They actually generate more power exponentially THAN WHAT?, Karlsen told IFLS, because the turbulence they create ‘actually increases the production.’
Tests have shown ‘several small rotors close to each other, in sum, produces more power than if you have each one standing individually,’ he said.
A slider shows how much acreage is taken up by a series of Windcatchers (right) as compared to a traditional offshore wind ‘farm’
But with colossal blades that spin at speeds of more than 200mph, they pose a serious danger to wildlife, killing hundreds of thousands of birds and bats every year.
In the US alone, the blades are responsible for between 140,000 and 500,000 deaths alone, according to the US Fish and Wildlife Service. LINK
Even out at sea, birds of prey are attracted to the massive structures.
It’s believed they dislike crossing large expanses of open water and feel safe having a place to land during windy conditions.
HOW DO WIND TURBINES WORK?
Wind turbines harness the power of the wind to turn propeller-like blades around a rotor connected to a main shaft, which spins a generator to create electricity.
It’s the opposite of a fan, which sucks up electricity to turn blades and create wind.
Horizontal-axis turbines typically have three blades and pivot to face the wind
Wind turbines can be installed on land or in lakes or oceans.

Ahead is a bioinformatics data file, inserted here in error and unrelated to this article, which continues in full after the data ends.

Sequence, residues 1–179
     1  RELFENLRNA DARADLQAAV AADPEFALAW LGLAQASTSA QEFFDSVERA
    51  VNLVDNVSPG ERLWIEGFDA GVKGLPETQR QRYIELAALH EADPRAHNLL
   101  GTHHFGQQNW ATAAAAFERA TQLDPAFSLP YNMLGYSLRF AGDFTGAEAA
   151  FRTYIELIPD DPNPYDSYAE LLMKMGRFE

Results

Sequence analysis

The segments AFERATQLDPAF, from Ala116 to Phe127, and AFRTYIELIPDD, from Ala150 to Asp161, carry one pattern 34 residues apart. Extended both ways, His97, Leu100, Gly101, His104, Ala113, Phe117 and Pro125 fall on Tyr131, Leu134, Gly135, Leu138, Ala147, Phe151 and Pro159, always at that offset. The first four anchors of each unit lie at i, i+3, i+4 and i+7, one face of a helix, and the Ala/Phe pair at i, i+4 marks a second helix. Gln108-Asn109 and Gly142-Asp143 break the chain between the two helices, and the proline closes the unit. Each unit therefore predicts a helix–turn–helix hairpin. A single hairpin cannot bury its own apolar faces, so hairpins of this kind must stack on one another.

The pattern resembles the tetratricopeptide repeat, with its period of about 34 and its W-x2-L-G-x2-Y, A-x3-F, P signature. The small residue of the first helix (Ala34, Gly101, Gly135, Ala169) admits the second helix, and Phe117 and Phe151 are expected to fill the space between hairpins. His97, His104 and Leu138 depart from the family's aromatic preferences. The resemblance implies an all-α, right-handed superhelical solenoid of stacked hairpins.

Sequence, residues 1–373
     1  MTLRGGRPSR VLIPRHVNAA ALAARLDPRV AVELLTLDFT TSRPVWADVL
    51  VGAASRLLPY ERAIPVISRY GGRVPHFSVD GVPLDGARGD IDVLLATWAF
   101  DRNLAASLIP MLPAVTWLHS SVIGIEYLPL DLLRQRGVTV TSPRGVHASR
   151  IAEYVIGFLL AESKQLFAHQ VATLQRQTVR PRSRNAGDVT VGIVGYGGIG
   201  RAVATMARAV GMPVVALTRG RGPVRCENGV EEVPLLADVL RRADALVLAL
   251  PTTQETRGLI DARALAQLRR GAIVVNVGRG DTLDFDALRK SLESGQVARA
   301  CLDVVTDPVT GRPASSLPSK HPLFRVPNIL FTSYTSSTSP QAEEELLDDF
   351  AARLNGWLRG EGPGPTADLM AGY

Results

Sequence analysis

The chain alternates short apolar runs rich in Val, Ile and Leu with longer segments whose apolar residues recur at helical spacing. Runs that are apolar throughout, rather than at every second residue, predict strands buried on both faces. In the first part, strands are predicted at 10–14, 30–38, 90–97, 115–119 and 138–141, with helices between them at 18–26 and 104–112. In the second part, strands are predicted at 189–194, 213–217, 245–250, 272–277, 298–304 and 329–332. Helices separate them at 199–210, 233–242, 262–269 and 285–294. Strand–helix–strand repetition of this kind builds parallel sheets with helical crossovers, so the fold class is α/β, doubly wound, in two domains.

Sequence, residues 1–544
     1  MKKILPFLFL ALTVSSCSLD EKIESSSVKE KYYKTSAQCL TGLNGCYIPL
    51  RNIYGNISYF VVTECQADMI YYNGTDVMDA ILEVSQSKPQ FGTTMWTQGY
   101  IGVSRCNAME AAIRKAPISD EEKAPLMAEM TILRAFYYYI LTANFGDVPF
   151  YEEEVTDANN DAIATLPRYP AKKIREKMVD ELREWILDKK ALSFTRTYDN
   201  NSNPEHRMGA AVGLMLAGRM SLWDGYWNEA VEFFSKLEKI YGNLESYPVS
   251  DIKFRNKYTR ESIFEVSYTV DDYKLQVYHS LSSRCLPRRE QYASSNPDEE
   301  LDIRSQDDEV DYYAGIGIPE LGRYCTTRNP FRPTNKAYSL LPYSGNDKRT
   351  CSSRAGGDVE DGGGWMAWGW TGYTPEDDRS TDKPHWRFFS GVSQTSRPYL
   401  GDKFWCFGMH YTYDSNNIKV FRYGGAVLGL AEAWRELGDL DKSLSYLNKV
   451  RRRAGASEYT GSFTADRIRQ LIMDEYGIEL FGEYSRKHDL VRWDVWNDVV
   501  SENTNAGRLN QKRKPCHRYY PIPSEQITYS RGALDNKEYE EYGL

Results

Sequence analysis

Larger and more powerful, offshore turbines are often clustered in large groups known as wind farms.
There are two main kinds of wind turbines, according to the US Office of Energy Efficiency and Renewable Energy.
The more familiar horizontal-axis turbines usually have three blades and operate ‘upwind,’ with the turbine pivoting at the top so the blades can face the wind.
Vertical-axis wind turbines come in different varieties, including the eggbeater-style Darrieus model, and are omnidirectional—they don’t need to be adjusted to point into the wind.
The Windcatcher’s blades would be black, not the industry-standard white, to make them more visible.
Wind Catching Systems is also looking into the kind of airguns deployed at airports to keep birds at bay, Karlsen said.
But it’s also betting that even the dumbest bird wouldn’t fly into a metal monstrosity 1,000 feet tall.
‘What we’ve been told – and it needs to be verified – is that since this is almost like a wall of turbines, a bird wouldn’t … fly straight through it. It would be very visible,’ he said.
‘One of the problems you have with … conventional rotors is that it seems like they’re spinning around slowly, but they’re not. They’re spinning around really fast, so the bird thinks, “oh I can fly through here, I see nothing” – and then suddenly a blade comes around.’
‘We hope that this thing is more visible to birds, and they’d think twice before flying through it,’ he added. ‘We’re looking at all options, and if anyone has good suggestions, we’re always willing to talk.’